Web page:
| (01 Jun 2012)
Violence continued in Syria, with fears of sectarian conflict growing after 108 were killed in Houla during heavy regime shelling. Residents claimed that scores of women and children were massacred by pro-regime Alawite militiamen from nearby villages. A series of deadly bombings, blamed by the Assad regime on al-Qaeda, also rocked the country, including Damascus. UN-Arab League envoy Kofi Anan warned that Syria is at “tipping point”.
In neighbouring Lebanon, escalating violence between supporters and opponents of the Syrian government provoked fears of a return to confessional violence: fighting erupted in Tripoli between Sunnis and Alawites. The killing of a Sunni cleric and the abduction of 11 Lebanese Shiite pilgrims in Syria further raised tensions. Meanwhile, a string of violent incidents on the Lebanese-Syrian border resulted in several deaths and injuries. Crisis Group identifies a conflict risk for Lebanon.
As a 40-day transition period ended in Mali, pro-junta demonstrators stormed the presidential palace, wounding Interim President Traoré, after ECOWAS blocked the military junta’s attempt to name coup leader Captain Sanogo as interim president. In the north, the conflict continues to intensify with the UN announcing that some 320,000 have been displaced since January.
The conflict worsened in eastern Democratic Republic of Congo. Fierce fighting between the army and rebels – including a new rebel group “M23” – has displaced thousands in the region. UNHCR reported that the number of displaced people across the country topped 2 million this month for the first time in nearly three years.
In Mexico, in another sign of worsening drug-related violence, some 90 bodies – many of them dismembered – were dumped across the country. Five journalists were murdered only in two weeks, three of them in Veracruz, raising the number of journalists killed to 109 since the war on drug cartels started in 2006. The most recent deaths raise fears the violence may detrimentally affect freedom of expression in the run up to the July general election.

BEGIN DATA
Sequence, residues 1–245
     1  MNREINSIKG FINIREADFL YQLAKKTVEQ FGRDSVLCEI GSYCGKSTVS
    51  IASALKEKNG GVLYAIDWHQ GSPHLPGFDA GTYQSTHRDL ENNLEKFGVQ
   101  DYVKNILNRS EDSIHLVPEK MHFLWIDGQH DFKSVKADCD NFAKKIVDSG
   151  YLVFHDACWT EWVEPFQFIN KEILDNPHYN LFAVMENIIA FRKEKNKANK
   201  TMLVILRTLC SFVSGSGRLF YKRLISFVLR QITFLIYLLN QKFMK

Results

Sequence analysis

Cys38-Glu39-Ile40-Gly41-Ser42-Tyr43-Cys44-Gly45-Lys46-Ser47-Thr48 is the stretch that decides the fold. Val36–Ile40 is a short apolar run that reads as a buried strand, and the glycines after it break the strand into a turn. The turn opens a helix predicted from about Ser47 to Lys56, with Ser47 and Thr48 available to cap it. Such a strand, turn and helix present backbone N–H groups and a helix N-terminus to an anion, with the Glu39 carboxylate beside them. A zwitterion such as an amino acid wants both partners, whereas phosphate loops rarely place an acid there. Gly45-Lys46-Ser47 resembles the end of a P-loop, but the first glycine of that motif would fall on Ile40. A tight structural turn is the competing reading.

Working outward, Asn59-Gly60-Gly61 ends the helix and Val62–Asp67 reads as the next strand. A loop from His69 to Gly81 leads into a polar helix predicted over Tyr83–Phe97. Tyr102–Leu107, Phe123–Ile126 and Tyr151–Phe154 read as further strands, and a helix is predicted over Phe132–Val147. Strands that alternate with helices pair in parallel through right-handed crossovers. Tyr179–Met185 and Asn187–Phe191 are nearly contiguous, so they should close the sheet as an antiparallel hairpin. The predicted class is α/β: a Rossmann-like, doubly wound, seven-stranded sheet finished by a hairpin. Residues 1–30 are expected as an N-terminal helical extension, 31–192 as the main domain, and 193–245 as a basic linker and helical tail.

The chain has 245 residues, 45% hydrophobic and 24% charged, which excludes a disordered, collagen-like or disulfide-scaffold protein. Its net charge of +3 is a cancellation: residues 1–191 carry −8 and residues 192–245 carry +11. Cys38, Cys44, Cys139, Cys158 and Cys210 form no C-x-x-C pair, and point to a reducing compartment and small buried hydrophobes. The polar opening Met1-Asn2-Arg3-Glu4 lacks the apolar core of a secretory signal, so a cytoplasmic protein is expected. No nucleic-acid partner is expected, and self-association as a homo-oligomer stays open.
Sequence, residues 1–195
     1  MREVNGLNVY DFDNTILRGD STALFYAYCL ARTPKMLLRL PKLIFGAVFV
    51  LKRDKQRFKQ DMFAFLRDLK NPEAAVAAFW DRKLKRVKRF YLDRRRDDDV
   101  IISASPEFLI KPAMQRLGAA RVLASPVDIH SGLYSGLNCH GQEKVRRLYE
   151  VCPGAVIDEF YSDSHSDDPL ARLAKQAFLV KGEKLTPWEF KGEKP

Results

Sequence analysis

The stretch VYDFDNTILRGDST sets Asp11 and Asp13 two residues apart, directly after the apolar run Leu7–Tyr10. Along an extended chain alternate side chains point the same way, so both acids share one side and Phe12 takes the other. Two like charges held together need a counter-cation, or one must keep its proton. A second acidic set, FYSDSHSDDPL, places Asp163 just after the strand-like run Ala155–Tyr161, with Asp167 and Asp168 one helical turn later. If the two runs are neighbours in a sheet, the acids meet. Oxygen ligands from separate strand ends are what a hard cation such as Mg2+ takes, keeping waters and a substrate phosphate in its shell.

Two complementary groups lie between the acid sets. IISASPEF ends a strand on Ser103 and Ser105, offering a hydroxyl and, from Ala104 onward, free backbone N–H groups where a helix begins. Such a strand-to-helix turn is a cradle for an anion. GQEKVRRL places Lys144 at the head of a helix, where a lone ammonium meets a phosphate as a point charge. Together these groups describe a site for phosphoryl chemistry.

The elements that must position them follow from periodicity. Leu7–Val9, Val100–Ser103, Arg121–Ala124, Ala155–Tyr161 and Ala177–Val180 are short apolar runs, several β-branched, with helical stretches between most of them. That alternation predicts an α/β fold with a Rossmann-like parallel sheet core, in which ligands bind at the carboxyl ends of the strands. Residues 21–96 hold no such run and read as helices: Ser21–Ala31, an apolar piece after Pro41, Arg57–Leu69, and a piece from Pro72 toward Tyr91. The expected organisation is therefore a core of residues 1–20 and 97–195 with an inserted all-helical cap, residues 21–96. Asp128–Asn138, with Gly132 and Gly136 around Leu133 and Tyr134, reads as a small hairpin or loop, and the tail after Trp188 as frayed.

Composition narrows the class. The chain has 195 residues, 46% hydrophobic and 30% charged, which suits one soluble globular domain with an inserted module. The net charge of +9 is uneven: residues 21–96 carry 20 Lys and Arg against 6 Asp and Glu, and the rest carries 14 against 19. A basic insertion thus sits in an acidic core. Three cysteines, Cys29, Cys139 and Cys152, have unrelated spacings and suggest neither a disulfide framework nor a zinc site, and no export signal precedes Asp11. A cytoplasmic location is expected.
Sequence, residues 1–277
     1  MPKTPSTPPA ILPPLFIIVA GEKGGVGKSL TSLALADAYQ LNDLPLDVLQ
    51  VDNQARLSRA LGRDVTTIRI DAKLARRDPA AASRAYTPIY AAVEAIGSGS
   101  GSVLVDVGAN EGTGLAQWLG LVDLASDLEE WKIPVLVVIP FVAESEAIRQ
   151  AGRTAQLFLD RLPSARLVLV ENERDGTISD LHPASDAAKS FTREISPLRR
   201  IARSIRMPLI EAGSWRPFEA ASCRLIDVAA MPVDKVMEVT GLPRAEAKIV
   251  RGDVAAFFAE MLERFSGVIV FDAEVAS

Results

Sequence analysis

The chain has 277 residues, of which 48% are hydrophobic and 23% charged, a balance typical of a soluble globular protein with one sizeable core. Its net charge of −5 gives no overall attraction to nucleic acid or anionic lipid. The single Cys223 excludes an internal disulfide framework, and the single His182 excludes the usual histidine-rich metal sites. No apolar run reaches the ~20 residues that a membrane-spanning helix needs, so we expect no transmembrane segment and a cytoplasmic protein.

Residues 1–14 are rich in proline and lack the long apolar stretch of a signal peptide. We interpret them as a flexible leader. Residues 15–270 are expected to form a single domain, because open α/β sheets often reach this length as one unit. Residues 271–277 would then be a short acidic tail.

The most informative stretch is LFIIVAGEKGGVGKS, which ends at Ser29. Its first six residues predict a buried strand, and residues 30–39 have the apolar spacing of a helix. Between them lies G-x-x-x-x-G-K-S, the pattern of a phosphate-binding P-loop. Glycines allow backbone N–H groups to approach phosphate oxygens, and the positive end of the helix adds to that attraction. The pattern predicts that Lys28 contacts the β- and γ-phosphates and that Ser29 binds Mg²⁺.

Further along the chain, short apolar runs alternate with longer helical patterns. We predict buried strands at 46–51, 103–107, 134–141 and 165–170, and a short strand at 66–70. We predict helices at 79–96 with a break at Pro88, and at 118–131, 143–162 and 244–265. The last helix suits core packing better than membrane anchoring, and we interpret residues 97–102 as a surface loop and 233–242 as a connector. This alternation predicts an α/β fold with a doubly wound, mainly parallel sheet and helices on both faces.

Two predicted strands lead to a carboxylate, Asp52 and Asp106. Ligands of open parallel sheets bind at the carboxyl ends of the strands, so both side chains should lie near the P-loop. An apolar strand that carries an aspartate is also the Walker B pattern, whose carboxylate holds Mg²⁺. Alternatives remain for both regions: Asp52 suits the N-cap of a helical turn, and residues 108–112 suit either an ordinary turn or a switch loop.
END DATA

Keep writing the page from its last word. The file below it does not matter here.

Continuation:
In Pakistan, tensions with the U.S. deepened after a tribal court sentenced a doctor who aided in the hunt for Bin Laden to 33 years in prison. NATO supply routes remain closed amid ongoing diplomatic wrangling. Meanwhile, political and sectarian violence in Karachi and Quetta, two of Pakistan’s largest cities, continued throughout May, claiming over 20 lives.
In Nepal, political parties failed to announce a new constitution by the 27 May deadline, ending four years of negotiations and prompting the dissolution of the Constituent Assembly. The announcement by Prime Minister Baburam Bhattarai that he intends to lead the country until November elections for a new Constituent Assembly was condemned as unconstitutional by the opposition Nepali Congress.
Things did improve in Haiti, however. Foreign Minister Lamothe was confirmed as the new Prime Minister after six months of political instability.
May 2012 TRENDS
Democratic Republic of Congo, Lebanon, Mali, Mexico, Nepal, Pakistan, Syria
Afghanistan, Algeria, Armenia, Azerbaijan, Bahrain, Bangladesh, Belarus, Bolivia, Bosnia, Burma/Myanmar, Burundi, Cameroon, Central African Republic, Chad, Colombia, Cote D’Ivoire, Cyprus, Ecuador, Egypt, Eritrea, Ethiopia, Georgia, Guatemala, Guinea, Guinea-Bissau, India, Indonesia, Iran, Iraq, Israel/Palestinian Occupied Territories, Jordan, Kashmir, Kazakhstan, Kenya, Kosovo, Kyrgyzstan, Liberia, Libya, Macedonia, Madagascar, Malawi, Mauritania, Moldova, Morocco, Nagorno-Karabakh (Azerbaijan), Nigeria, North Caucuses (Russia), North Korea, Philippines, Rwanda, Saudi Arabia, Senegal, Serbia, Somalia, Somaliland, South Sudan, Sri Lanka, Sudan, Tajikistan, Thailand, Timor Leste, Tunisia, Turkey, Turkmenistan, Uganda, Ukraine, Uzbekistan, Venezuela, Western Sahara, Yemen, Zimbabwe.
June 2012 OUTLOOK
Conflict Risk Alert
Lebanon, Mali, Syria
Conflict Resolution Opportunity
*NOTE: CrisisWatch indicators - up and down arrows, conflict risk alerts, and conflict resolution opportunities - are intended to reflect changes within countries or situations from month to month, not comparisons between countries. For example, no "conflict risk alert" is given for a country where violence has been occurring and is expected to continue in the coming month: such an indicator is given only where new or significantly escalated violence is feared.